Court rejects challenge in Grand Rapids fingerprint lawsuit

GRAND RAPIDS, Mich. (AP) — The Michigan appeals court has affirmed a decision in favor of Grand Rapids police in a dispute over taking photographs and fingerprints of people who lack identification.

The lawsuit was filed in 2014, before Grand Rapids changed the photo-and-fingerprint policy. The change was made to improve relationships between police and residents.

The lawsuit was filed on behalf of a young man who was photographed and fingerprinted in 2011. A health club told police that the man appeared to be looking into car windows. He wasn’t charged.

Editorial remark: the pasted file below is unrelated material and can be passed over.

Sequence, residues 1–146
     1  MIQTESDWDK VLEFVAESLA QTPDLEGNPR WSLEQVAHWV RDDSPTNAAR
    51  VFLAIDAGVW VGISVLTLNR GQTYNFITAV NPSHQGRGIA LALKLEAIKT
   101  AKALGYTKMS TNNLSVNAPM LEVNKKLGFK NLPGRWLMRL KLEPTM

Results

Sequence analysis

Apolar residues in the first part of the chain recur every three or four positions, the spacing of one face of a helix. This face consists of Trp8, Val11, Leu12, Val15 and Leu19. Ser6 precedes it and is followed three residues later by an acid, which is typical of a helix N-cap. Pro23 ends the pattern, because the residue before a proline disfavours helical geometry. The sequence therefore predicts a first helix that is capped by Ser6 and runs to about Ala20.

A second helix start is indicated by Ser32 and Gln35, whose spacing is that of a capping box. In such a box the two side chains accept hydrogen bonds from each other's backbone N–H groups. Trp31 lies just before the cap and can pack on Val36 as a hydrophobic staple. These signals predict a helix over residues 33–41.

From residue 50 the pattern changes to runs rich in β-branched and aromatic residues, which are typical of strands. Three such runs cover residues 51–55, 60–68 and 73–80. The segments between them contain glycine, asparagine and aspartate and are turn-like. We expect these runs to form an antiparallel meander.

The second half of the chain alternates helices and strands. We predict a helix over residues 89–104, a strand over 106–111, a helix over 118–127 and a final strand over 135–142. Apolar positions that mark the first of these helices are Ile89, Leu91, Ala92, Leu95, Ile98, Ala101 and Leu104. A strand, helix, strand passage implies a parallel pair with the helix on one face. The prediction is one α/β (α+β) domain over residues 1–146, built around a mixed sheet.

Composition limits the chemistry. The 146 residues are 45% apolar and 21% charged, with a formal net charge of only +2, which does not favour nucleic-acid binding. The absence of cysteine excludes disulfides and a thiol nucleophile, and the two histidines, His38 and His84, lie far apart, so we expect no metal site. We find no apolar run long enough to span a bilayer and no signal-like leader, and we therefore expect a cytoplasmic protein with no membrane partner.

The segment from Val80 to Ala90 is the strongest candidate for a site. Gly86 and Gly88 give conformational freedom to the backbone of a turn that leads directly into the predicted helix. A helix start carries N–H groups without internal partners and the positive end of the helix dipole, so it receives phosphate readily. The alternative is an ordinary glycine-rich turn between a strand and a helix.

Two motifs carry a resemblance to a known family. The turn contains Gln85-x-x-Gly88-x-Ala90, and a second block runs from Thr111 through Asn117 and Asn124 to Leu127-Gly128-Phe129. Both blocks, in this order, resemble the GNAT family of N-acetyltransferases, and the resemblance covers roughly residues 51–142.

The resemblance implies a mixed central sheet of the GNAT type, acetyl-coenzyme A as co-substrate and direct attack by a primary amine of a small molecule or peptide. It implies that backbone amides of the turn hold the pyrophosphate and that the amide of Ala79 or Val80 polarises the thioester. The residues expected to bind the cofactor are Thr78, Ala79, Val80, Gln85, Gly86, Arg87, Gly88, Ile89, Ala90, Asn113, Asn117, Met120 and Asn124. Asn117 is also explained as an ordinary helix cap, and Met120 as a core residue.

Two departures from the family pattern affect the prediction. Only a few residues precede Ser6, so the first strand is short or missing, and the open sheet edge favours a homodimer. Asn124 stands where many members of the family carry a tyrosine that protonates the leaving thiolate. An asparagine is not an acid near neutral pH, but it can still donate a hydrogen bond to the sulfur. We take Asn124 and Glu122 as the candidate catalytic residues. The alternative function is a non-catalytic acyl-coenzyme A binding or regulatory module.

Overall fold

The appeals court says officers have immunity because it’s not clearly established that fingerprinting and photographing someone without ID violates the U.S. Constitution.

In 2015, Grand Rapids police said fingerprints would be taken from people without ID only if their behavior was “highly suspicious.”

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